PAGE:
“Now it’s possible, I think, that the governmental role of it night return to some kind of meaningful role, if things began to go wrong ... it does thrive on unrest, on difficulties, where governments feel they've got to communicate” (Sussex, p 203).

It is necessary, therefore, to judge British documentary in the context of British class struggle in order to see where this avowedly political film movement placed its class loyalties and to understand how British documentary was marked in all its aspects by its subservience to capitalism, Only as Marxists can we explain what Elizabeth Sussex calls the peculiar “establishment” quality to be found in these films about the working class, or the lack of a rebellious spirit among the filmmakers, or even the artistic mediocrity which characterizes the “bloody dreary” films they produced. A Marxist analysis cuts through the social democratic documentarists’ shabby theorizing to show how the capitalist state and industry manipulated and shaped British documentary by wielding its most powerful weapon—money. It is only in the light of a Marxist analysis that the British documentary movement’s ups and downs—so frustrating and confusing for the filmmakers who participated in it—make any sense at all. To Marxists it is clear that British documentary was caught in the class forces of Britain in crisis. The need to maintain capitalist rule called British documentary into being during the depression’s turmoil, and it was capitalism’s propagandistic needs which made British documentary flourish during the war.

After the war, the capitalist state consigned British documentary to the bureaucratic trash heap, along with the other vestiges of social democratic reformism, and persecuted the movement’s leader, John Grierson, in a McCarthy-like witch hunt—the same Grierson who had showed himself a loyal supporter of the capitalist system. Not surprisingly, the documentarists felt the bitter sting of ingratitude. In particular, the short-lived postwar social democratic government, in their eyes, should have assured the triumph of their kind of socialism but instead spurned the documentarists’ mild-mannered social exposures as an embarrassment to the state.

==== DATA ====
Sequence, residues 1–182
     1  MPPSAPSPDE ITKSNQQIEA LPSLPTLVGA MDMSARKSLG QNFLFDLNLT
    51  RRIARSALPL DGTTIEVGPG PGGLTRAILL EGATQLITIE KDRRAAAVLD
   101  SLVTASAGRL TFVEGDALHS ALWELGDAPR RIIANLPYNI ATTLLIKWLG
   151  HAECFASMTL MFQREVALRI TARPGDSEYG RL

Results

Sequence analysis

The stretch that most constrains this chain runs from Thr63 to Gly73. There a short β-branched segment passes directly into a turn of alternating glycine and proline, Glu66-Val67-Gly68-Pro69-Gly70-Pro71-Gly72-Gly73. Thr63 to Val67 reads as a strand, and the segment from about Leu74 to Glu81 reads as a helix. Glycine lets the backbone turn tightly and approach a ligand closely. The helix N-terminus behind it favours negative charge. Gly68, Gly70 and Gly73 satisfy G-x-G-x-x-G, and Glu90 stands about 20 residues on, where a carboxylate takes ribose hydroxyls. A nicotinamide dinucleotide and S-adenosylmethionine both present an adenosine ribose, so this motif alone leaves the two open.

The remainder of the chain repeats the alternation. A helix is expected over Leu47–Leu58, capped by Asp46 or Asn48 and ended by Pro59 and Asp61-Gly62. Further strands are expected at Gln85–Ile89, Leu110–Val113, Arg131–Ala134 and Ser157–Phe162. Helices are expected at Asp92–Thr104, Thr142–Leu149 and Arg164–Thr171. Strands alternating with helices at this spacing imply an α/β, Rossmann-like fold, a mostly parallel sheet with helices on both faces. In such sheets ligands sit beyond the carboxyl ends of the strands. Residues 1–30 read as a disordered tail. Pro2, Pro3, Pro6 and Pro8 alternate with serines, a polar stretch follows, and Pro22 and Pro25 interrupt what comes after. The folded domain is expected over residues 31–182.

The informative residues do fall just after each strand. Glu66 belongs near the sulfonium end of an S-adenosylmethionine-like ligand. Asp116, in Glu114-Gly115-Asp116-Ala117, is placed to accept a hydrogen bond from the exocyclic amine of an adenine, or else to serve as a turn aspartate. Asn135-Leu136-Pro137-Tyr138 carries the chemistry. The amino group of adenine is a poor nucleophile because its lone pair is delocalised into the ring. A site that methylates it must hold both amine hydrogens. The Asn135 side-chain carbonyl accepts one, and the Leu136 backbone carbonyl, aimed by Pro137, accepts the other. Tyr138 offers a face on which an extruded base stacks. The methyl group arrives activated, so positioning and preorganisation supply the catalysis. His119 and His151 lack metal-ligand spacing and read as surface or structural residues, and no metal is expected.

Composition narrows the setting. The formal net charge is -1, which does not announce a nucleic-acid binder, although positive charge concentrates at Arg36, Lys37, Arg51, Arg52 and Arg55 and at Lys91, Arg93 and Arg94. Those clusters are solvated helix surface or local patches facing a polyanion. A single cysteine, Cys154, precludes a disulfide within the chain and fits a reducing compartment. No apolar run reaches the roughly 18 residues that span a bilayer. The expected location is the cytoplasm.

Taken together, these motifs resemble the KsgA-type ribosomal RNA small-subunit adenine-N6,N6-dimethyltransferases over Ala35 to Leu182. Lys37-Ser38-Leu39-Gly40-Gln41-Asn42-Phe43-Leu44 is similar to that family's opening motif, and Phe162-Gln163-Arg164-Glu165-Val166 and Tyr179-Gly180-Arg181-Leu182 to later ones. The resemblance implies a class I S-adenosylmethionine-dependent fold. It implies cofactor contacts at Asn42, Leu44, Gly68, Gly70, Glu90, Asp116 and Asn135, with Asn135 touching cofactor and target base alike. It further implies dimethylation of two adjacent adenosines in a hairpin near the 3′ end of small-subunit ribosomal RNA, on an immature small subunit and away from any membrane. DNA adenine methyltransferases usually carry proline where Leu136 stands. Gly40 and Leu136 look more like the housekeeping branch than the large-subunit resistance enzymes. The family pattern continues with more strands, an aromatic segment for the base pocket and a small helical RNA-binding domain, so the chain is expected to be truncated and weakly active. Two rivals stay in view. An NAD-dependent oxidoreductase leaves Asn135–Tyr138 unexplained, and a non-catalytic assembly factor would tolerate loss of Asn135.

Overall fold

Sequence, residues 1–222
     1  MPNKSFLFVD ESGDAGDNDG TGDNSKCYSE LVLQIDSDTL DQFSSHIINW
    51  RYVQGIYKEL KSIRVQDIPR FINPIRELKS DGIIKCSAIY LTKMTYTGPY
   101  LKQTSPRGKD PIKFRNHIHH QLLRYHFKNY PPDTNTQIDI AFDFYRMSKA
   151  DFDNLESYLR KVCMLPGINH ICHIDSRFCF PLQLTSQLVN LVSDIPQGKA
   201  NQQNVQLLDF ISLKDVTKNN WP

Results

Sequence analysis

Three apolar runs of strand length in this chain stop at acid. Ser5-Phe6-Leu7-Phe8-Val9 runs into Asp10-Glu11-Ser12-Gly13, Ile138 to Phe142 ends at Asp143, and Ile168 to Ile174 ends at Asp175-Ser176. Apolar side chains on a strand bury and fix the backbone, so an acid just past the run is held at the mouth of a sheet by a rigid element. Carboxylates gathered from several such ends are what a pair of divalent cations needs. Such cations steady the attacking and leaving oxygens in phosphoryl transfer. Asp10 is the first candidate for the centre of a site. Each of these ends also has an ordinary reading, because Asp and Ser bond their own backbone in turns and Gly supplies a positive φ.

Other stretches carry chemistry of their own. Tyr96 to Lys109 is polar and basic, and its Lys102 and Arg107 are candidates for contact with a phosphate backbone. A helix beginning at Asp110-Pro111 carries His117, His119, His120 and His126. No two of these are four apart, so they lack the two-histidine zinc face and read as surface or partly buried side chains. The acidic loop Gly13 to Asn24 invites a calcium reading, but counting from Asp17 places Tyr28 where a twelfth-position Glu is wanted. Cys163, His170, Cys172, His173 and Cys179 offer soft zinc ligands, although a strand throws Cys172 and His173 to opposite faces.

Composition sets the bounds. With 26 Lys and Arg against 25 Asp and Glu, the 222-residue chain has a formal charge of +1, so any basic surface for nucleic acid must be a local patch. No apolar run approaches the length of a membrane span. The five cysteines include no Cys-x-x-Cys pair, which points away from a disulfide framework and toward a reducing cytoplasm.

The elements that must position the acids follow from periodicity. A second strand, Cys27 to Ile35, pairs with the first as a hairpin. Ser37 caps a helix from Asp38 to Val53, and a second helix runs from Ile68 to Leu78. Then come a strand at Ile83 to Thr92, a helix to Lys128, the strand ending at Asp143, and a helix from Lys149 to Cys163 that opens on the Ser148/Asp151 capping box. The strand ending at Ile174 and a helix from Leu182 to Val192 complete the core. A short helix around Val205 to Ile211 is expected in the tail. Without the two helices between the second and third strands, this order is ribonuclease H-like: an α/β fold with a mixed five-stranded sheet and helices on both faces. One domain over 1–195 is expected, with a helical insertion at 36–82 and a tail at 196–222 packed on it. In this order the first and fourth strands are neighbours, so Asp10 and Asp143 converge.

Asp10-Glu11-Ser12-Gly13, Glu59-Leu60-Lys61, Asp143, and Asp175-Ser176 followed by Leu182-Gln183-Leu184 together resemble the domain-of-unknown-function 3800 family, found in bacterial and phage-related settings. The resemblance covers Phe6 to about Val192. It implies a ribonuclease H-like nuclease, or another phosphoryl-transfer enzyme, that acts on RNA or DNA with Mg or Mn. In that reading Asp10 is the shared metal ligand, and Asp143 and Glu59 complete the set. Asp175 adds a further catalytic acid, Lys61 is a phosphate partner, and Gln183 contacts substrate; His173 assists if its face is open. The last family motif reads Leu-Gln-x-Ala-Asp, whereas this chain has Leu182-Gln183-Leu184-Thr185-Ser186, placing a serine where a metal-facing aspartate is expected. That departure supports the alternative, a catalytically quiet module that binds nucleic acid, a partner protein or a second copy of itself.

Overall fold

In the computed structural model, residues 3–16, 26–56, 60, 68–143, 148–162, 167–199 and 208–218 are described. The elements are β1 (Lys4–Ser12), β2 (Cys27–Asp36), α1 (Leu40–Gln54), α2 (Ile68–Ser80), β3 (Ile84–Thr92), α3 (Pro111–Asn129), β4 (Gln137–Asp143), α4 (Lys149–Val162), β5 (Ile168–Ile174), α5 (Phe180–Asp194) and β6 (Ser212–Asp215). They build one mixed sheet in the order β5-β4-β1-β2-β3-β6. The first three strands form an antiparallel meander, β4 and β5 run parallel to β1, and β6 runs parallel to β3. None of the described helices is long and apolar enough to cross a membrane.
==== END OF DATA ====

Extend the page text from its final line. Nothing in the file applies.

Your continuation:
Elizabeth Sussex’s work does not contribute to a political assessment of the British documentary film. It does, however, offer Marxist readers a revealing narrative on that film movement. For those who read the documentarists’ commentaries in the context of the class struggle, The Rise and Fall of the British Documentary eloquently describes the plight of filmmakers who made themselves, unwittingly or cynically, tools of the capitalist class, and, in so doing, degraded themselves both politically and artistically. It is difficult for filmmakers, who need capital in order to function as artists, to resist domination by bourgeois ideology. It is only surprising that the British documentarists sold themselves for so little.


1. V.I. Lenin, “Imperialism and the Split in Socialism” (1916), in Against Revisionism (Moscow: Progress Publishers, 1959), p. 330.